I’m riding Chiara again! Well the saddle didn’t arrive the week I hoped but it did come the following Monday and, although the wrong colour, seems to fit her very well.
I had forgotten just how forward going she is — my first gentle ride was to be around a 5km loop, but after the first km we had to go through a stream and a slight easing of the body saw us cantering straight out of the stream and an attempt at full pelt up the track!
I am approximately two weeks behind in my training schedule for Chiara with her impending two-star looming on the horizon. I am, however, totally focused and feel that even with Chiara only having a shortened fourth phase (sustained cantering), she should have the required condition and stamina to complete the 120km distance at comfortably above the minimum speed which, in all reality, is all she needs to do at this stage.
This wonderful weather that we are experiencing at present has resulted in giving Dilmun the incentive to shed his hair in vast quantities and, being grey, the fallout manages to visibly stick to every conceivable surface. The bad news is that he still has a mountain ready to leave his rather rotund body!
Fantom and I went to an endurance-focused pole work clinic 10 days ago which was a first for us. Pole work clinics have become a bit trendy both in dressage and in endurance so we didn’t really know what to expect. We were pleasantly surprised. Our instructor, Andree Lucy, was a highly qualified BHS instructor (nothing but the best for us endurance riders!) and our sessions were illuminating.
Fantom behaved reasonably well in that he demonstrated his usual laissez faire in the first part of the session but waking up to enjoy actually cantering over the poles. The poor boy thought he was going to do jumping, a favourite pastime of his. I think we all learned something from this and the use of poles demonstrated quite clearly the need for rhythm and balance through the exercises, something that is essential in endurance as the combination progresses through the grades.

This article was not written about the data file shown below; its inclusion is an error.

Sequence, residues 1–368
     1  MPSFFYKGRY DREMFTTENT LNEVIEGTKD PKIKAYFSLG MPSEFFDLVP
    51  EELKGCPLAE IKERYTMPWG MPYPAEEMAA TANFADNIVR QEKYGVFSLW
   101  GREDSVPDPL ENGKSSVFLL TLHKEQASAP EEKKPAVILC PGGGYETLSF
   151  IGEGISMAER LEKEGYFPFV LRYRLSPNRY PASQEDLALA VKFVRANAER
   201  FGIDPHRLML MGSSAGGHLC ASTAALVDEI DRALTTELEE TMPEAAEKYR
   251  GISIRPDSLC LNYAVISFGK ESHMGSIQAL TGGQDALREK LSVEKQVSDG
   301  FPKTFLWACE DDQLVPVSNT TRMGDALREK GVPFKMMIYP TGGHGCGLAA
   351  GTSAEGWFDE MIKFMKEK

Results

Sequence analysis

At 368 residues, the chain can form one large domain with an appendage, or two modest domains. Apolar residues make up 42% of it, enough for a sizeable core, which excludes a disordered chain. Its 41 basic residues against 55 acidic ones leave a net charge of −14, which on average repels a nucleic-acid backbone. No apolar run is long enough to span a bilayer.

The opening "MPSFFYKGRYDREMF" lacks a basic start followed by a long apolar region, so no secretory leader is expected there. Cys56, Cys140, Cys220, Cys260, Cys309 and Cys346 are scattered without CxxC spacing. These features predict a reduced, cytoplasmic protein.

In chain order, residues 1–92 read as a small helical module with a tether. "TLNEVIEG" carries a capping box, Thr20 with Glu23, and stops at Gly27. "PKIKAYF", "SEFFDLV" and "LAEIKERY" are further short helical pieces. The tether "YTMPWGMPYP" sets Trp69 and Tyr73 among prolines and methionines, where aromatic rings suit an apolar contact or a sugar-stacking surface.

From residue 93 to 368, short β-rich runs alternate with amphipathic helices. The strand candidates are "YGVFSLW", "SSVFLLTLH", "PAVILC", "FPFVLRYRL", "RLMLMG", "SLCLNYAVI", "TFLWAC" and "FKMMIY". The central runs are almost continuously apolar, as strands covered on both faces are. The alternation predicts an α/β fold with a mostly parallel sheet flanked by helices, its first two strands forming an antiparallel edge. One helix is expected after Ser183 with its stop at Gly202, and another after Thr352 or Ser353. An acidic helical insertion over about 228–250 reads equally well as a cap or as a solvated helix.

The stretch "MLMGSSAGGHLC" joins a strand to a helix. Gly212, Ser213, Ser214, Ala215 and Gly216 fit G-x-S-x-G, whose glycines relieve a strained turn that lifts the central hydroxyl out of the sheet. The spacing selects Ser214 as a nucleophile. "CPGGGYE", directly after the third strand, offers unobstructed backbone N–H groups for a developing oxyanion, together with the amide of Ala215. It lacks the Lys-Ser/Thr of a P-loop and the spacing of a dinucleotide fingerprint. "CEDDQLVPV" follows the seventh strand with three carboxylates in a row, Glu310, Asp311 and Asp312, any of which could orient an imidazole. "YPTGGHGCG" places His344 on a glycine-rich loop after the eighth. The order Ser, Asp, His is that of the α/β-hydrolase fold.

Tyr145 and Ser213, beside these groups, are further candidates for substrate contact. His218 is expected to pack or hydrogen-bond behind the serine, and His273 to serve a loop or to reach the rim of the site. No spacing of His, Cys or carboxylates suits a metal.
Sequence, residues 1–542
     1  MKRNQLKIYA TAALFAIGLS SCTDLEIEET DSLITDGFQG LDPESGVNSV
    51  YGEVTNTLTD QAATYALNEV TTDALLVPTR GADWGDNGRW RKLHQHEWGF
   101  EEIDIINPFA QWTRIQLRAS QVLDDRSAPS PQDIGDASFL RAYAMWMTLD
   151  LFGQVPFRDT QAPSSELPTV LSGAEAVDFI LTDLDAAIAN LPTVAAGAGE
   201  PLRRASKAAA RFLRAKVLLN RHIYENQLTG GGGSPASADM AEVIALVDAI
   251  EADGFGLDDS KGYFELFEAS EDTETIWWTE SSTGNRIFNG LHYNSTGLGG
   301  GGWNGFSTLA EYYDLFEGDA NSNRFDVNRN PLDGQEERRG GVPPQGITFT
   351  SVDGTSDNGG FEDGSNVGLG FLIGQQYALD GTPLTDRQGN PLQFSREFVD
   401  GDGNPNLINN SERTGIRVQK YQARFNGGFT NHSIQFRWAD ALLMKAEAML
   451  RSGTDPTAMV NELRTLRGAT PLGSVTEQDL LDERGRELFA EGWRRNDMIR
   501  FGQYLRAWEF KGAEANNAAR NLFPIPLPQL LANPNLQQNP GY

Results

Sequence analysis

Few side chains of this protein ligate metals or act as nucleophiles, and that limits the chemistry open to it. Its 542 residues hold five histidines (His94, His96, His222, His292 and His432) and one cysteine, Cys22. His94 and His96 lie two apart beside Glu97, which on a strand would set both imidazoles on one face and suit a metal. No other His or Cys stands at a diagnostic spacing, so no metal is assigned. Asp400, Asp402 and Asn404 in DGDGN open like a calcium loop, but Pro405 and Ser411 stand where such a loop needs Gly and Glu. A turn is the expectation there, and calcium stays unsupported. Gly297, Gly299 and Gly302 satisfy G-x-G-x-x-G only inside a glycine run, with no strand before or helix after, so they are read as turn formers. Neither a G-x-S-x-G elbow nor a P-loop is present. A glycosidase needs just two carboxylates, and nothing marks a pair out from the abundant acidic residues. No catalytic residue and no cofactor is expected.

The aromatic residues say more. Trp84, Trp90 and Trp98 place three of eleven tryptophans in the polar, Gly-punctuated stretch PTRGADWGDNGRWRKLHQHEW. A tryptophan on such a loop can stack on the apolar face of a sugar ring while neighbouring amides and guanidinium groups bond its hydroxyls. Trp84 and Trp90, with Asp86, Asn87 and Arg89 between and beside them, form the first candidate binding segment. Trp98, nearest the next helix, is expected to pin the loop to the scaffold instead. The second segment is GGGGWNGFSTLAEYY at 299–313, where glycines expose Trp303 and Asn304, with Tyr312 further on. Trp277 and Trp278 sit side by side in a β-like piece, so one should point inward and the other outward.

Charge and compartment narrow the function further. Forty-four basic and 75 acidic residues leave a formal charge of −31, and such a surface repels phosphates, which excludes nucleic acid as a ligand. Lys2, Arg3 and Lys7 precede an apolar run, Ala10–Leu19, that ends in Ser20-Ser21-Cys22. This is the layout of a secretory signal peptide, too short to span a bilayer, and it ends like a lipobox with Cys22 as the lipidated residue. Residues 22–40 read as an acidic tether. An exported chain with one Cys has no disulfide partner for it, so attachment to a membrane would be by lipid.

Back at base we have had problems with our haylage. Several of the bales were heated and mouldy upon opening them which is not usual for the bales from this supplier. Ok, we do usually lose a few each year but this was far worse. Do we have rats piercing the outer wrapping? No. I subsequently discovered that it was squirrels! One or two neat little piles of nutshells gave the game away. Any ideas for a humane squirrel deterrent?
At last we managed to get Chiara and Fantom out to a horse party (a pleasure ride). This was very local to us on a magnificent Cornish estate and the weather matched the scenery this time with blue skies and a light breeze. A good friend of mine rode Fantom and commented that “it is good we’re going out early before it gets too hot!” This is the same month where people in Cornwall are talking about the sudden, heavy snowfall that afflicted us and caused the typical British disruption to the road network.
After a detailed passport inspection for flu vaccinations, we made a rather fidgety and extremely keen start. It was a fairly quiet ride with the entries being halved by the need for flu vaccinations to compete at EGB rides. I was a little surprised to find that so many people had not vaccinated their horses against equine flu, perhaps they will now. We were out first in unfamiliar countryside but navigation was easy with the efficient marking of the route, which was just as well as map reading on an extremely enthusiastic Chiara is not something to be relished.
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Chiara on balance behaved very well and was obviously enjoying herself, glad to get out and about again. This time it was Fantom’s turn to let the side down — he was treated to a lightweight rider but does he show his appreciation? No, of course not, he dumped her big time just before returning to the venue!
Next weekend is the squad assessments for both Fantom and Chiara and not too far away either; only about a four-hour drive…
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